A reorganized Spencer Parks and Recreation Department in the future will offer programs and activities to encourage more use of city parks.
The city council discussed the focus while approving a job description for the new position of recreation director and updated descriptions for current positions of golf superintendent and school resource officer.
City Manager Amanda Mack said the opportunity to make the changes was created by the approaching retirement of Parks and Recreation Director Delray Bredehoeft.
The changes were discussed at last week’s committee of the whole meeting.
“We really wanted to put an emphasis on recreational programming,” Mack said. “As we move through our master park planning process after July, I believe, and I think this has been a pretty conversation throughout the community, that programming will become a more important aspect of our parks and recreation department.”
As part of the changes, Bredehoeft’s position title will be eliminated once he retires in a couple of months.
Parks, golf, cemetary and forestry operations would fall under the new recreation director title. The recreation director would oversee golf course day-to-day operations staff, parks department staff and cemetary staff.
The golf superintendent will be responsible maintenance at the course. That position will report to the director.
The new director will be responsible for establishing program options that the community can enjoy.
“Right now, programming that’s offered throughout the community is done through the YMCA – sometimes we support that in a financial manner – or it’s done through the private sector,” Mack said.
Mack said the city’s abundance of parks and parkland was emphasized during the city’s economic development strategic planning.
“Now our goal is to make sure they are maintained in the most appropriate manner and that we’re getting people into those recreational facilities,” she said.
Ward 3 Councilman Steve Bomgaars said he liked the added programming responsibilities for the recreation director.
“As long as I’ve been a resident of Spencer, which is most of my life, the community, as you said, it really hasn’t done a lot with regard to recreation,” Bomgaars said to Mack. “It’s all been on the back of the Y. And I look forward to recreational programming, seeing what the city can do. I think if we look at the example of the library, my goodness, we have programming that is par excellance at the library. So I think we can do the same thing with parks and recreation.”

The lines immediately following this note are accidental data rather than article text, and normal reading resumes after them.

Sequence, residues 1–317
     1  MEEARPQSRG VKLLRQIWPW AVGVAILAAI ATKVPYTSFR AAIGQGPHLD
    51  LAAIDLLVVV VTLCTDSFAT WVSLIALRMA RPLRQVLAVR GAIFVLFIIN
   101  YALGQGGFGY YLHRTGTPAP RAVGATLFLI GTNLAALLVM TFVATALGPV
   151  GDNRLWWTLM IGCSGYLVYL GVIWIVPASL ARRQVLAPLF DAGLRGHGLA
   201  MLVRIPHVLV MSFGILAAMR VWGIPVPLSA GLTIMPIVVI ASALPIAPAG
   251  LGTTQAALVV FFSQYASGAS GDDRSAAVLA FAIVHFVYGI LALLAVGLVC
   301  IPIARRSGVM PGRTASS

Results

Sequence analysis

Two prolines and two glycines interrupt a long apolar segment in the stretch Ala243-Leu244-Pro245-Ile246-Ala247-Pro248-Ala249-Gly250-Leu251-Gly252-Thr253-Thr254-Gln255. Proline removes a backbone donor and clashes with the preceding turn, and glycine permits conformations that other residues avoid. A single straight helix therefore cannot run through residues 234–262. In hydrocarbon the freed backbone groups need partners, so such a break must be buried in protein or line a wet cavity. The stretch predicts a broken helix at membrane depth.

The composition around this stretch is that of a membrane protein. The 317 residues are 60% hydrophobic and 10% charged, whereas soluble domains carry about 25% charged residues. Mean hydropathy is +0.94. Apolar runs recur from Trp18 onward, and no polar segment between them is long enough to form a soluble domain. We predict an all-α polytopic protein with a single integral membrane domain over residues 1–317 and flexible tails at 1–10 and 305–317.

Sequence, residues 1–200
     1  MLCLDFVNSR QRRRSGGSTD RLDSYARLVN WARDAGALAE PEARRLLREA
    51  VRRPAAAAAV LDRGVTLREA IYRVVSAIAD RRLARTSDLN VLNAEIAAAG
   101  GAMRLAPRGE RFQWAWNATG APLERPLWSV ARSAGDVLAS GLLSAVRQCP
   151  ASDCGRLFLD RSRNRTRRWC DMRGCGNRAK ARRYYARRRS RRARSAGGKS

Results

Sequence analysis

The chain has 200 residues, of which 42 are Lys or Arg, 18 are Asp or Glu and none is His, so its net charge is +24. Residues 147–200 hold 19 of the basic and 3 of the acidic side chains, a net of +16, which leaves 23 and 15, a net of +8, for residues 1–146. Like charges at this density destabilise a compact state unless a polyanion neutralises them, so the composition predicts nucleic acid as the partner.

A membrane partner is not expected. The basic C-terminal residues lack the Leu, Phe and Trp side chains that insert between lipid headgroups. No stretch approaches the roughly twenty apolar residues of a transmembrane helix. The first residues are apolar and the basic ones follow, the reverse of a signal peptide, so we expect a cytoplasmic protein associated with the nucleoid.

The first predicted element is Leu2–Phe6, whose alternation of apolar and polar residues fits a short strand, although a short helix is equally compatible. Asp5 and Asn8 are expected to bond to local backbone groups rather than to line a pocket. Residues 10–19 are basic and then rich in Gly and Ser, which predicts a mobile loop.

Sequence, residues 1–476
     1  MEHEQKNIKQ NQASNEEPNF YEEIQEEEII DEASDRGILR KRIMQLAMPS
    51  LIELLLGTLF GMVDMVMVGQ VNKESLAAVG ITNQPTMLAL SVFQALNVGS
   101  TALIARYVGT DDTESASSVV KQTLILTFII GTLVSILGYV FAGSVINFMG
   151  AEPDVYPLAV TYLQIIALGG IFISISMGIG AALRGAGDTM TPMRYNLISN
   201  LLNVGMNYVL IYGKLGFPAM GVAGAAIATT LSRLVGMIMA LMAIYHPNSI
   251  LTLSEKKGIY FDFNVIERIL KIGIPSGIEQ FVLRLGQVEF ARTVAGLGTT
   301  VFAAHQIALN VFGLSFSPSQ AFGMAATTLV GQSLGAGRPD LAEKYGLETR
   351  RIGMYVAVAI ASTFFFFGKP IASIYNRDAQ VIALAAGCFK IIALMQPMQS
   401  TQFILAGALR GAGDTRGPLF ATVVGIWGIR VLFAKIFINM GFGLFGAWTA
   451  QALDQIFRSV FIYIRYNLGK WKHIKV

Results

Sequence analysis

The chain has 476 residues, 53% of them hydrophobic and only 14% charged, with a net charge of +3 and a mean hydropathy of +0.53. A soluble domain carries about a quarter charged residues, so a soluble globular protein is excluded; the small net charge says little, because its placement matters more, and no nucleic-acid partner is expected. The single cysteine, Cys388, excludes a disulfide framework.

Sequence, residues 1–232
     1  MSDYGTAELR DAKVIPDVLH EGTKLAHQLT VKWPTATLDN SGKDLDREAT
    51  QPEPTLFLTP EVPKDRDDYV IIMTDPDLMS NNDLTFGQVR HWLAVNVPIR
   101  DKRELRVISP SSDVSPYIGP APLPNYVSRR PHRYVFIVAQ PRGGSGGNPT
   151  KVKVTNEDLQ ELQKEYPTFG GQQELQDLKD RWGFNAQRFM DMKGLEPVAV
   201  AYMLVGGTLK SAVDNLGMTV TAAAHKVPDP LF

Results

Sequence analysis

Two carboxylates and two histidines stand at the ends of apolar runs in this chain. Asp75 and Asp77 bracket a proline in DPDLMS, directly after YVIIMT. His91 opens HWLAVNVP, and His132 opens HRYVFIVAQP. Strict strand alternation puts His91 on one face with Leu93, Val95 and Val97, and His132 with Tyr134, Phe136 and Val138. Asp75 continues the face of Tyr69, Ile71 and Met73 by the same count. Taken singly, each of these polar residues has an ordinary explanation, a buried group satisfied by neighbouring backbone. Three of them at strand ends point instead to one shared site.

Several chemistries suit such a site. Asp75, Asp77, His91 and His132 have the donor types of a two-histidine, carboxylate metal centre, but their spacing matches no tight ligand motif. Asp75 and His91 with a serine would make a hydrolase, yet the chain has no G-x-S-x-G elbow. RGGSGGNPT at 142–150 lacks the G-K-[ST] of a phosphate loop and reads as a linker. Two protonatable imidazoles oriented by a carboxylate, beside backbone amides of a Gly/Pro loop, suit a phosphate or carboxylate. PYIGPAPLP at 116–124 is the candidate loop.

Only the job description for the titles were approved. No salaries or other information was presented or discussed by the council.
The council voted 5-0 on the matter. Both Ward 1 Councilman Tom Nelson and Councilman At Large Rich Prentice were absent.
School resource officer agreement with school district approved
The council also voted 5-0 to update the school resource officer job description and approve an agreement with the Spencer Community School District that includes the district paying 70% of the full-time position’s cost to the city.
The job description combines D.A.R.E. drug use prevention programming and school resource officer responsibilies. Those positions are currently divided into separate part-time positions.
“That officer will be in all of the buildings throughout the day, be responsible for the D.A.R.E. program and then, during the summer months and school break, he would fill in with our regular officers,” Mack said.
That position’s cost to the city could total about $13,000 and would also come with increases in contributions for group health insurance, pension and other benefits, according to an agenda item.
The document states those expenses will be covered by reserve funds and then added to the property tax levy during the next budget cycle.
“I think this is long overdue,” Bomgaars said. “I know that a lot of communities our size do not have a full-time SRO, but we live in a changing world. And, to me, it’s unfortunate that we have to even discuss this, but I think it’s a necessity. I think it’s just something we need to do and I think it will be a great resource for our school.”
Mayor Kevin Robinson thanked the school district, including superintendent Terry Hemann and the school board, for working with the city on the agreement.